First, the holding for anchors and moorings in Cartagena Bay is terrible and for some reason we became the target for dragging boats and bad anchoring. We “rescued” 2 boats with no owners onboard that broke off their moorings and dragged close to us. Another one actually hit us causing minor damage to our toerail. Then, Audrey had to jump onboard a fourth that nearly hit us when the parents left their 11-year old daughter to look after it while they went shopping. The final incident (we hope as we’re leaving tomorrow) occurred when a boat anchored much too close to us and when we complained they said it was fine but the next day we had to fend them off to prevent them from hitting our boat. In short, if you’re planning to visit by boat and anchor in Cartagena Bay, make sure your anchor is really set, put out as much scope as you can, AND watch out for other boats.

Rescue1 Boat Dragging

The other much more serious “ugly” occurred when I (Richard) nearly choked to death – seriously – at the teacher’s barbecue that I mentioned. It was probably my own fault as they were serving large pieces of steak with plastic knives that couldn’t cut it so I figured I’d just chew it. You can guess what happened next and I can assure you that it’s completely different from what you see in the movies. People tried hitting my back and doing the Heimlich maneuver but it didn’t work so I gasped for air for what seemed like 10 minutes while the hosts called an ambulance. Fortunately, the steak worked its way out after a scary amount of time and the hosts were able to cancel the ambulance. It’s a good thing it did because nobody seemed confident that the ambulance would show up in time and many of the parents and older generation at the BBQ were actually praying. In the end, it was a close call and we are very happy that it worked out but from now on I will be chewing the shit out of my steaks and you should too…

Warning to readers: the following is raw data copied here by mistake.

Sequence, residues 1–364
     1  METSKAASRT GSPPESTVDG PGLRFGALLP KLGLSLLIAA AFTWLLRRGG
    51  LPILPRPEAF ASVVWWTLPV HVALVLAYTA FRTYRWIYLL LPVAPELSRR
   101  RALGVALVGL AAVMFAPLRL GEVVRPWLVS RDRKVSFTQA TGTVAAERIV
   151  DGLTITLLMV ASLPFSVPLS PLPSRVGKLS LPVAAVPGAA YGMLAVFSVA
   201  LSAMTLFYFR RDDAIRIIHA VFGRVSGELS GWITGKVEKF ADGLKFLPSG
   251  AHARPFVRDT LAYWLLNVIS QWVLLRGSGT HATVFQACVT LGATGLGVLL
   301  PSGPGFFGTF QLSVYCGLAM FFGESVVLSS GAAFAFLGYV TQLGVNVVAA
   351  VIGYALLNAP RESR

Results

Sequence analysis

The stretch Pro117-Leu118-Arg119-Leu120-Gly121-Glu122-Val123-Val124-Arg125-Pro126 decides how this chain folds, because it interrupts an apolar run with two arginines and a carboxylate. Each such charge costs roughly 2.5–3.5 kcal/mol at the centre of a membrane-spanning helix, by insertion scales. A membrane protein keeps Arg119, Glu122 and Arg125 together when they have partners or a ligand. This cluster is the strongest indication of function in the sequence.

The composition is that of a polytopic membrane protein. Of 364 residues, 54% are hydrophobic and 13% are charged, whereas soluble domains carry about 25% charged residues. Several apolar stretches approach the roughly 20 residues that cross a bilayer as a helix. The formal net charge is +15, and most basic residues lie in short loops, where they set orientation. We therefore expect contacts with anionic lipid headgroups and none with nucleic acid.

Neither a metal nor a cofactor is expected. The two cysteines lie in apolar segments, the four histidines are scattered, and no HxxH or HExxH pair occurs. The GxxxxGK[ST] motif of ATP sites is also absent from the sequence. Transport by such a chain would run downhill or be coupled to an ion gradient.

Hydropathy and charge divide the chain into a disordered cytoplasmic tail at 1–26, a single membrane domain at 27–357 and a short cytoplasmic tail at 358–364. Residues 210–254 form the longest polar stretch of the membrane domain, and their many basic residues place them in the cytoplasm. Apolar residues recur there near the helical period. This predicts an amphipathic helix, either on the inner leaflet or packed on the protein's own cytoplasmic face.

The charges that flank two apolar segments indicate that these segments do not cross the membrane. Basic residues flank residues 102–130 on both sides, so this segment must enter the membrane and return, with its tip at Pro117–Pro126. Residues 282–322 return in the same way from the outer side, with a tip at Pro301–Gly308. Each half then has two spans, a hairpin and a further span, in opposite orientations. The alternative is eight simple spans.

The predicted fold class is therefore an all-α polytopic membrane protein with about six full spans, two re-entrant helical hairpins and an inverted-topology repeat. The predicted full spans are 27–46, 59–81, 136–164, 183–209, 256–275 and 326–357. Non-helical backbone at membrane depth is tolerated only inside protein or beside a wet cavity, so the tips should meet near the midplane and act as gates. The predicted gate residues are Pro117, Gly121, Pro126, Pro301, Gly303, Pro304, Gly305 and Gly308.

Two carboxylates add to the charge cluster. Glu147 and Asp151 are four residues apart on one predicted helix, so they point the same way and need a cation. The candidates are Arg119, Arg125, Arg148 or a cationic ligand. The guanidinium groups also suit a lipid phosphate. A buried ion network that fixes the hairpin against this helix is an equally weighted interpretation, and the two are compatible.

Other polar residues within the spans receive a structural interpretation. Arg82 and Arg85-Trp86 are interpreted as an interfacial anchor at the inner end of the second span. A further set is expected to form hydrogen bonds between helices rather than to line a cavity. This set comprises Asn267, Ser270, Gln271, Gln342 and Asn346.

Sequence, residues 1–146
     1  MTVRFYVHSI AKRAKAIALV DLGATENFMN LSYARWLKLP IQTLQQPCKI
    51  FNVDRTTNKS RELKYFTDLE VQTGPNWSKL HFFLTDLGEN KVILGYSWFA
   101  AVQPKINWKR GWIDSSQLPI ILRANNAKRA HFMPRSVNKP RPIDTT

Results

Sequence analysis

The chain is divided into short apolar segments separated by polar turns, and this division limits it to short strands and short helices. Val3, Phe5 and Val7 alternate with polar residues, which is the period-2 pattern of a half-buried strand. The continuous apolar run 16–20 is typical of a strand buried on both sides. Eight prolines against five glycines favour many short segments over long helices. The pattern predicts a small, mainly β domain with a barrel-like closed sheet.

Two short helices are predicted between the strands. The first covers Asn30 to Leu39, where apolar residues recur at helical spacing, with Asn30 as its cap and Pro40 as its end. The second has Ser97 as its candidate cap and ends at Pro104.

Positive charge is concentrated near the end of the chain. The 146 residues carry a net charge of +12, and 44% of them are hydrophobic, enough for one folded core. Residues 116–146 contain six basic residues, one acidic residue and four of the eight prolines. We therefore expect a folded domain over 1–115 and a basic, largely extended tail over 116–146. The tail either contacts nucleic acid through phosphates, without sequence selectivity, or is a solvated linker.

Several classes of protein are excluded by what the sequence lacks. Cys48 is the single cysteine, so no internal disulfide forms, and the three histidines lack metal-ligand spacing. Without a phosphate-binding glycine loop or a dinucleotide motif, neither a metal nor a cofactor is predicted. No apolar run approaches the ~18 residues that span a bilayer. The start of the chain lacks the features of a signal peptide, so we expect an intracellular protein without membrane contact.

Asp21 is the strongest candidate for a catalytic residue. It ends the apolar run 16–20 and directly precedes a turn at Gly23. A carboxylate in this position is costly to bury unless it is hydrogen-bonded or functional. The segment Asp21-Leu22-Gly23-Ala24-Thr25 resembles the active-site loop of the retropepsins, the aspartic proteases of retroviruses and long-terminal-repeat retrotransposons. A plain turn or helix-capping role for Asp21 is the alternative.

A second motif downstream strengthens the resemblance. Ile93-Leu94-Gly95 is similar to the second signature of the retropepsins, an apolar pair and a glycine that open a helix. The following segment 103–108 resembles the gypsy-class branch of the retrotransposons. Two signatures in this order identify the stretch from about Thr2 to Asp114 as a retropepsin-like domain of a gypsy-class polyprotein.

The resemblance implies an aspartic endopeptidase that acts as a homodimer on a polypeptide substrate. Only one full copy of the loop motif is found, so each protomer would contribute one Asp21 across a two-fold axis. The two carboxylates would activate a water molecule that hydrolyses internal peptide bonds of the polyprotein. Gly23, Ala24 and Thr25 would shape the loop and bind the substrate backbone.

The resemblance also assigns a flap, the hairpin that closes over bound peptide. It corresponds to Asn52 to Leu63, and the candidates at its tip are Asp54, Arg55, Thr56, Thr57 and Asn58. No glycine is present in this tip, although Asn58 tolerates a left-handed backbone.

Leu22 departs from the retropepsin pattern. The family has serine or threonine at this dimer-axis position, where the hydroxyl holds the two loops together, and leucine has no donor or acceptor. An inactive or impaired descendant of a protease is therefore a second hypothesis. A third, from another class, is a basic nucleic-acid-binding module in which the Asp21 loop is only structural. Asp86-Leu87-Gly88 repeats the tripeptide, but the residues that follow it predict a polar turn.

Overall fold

We Love Cartagena

In the end, even with the bad and ugly experiences, we love Cartagena and highly recommend it as a destination for boaters and non-boaters. In fact, it’s the first place that we’ve gone to on this adventure where we’ve said we could actually live here. We’re not sure where we will end up but we’ll always keep Cartagena in mind as we travel through the Caribbean and back to Miami. Who knows, we could end up back here one day.

Walled City3 Streetscape5 Streetscape2 Streetscape1 Night1 Graffiti2 Door Clock Tower and Square1


Welcome to the Caribbean Mon

They say the grass is always greener on the other side but so far the grass is just as green and the water is bluer on this side. We’re referring, of course, to life on the Caribbean side of the Panama Canal versus life on the Pacific side.

Don’t get me wrong, we loved Mexico and had a wonderful time in Costa Rica and on the Pacific side of Panama but, with the exception of the Sea of Cortez and a few anchorages along the way, we haven’t really had that crystal blue water experience that we anticipated. You know the one in the postcards where you see the starfish under your boat and you’re surrounded by palm covered islands.

San Blas Anchor1

It’s only been six weeks since we transited the canal (on March 24) so we can’t rush to judgment, but we’ve already found crystal clear water and uninhabited cays in the San Blas Islands and, with that, our early impressions of the Caribbean side have surpassed our experiences in Costa Rica and Pacific Panama.

The San Blas Archipelago is a chain of islands just 70 miles or so from the canal. Sounds simple and we’d normally cover that distance in a day (a long one). But, now that we’re on the Caribbean side where the prevailing north east winds (which are very strong) along with the waves (which can be very big) and the current (which coincides with the wind and waves) are all against us, making passages is much more challenging as we have to wait for “weather windows” then hop to the next spot before the window closes. With this in mind, along with the fact that we have no schedule and want to see anchorages along the way, we took almost two weeks to travel those 70 miles.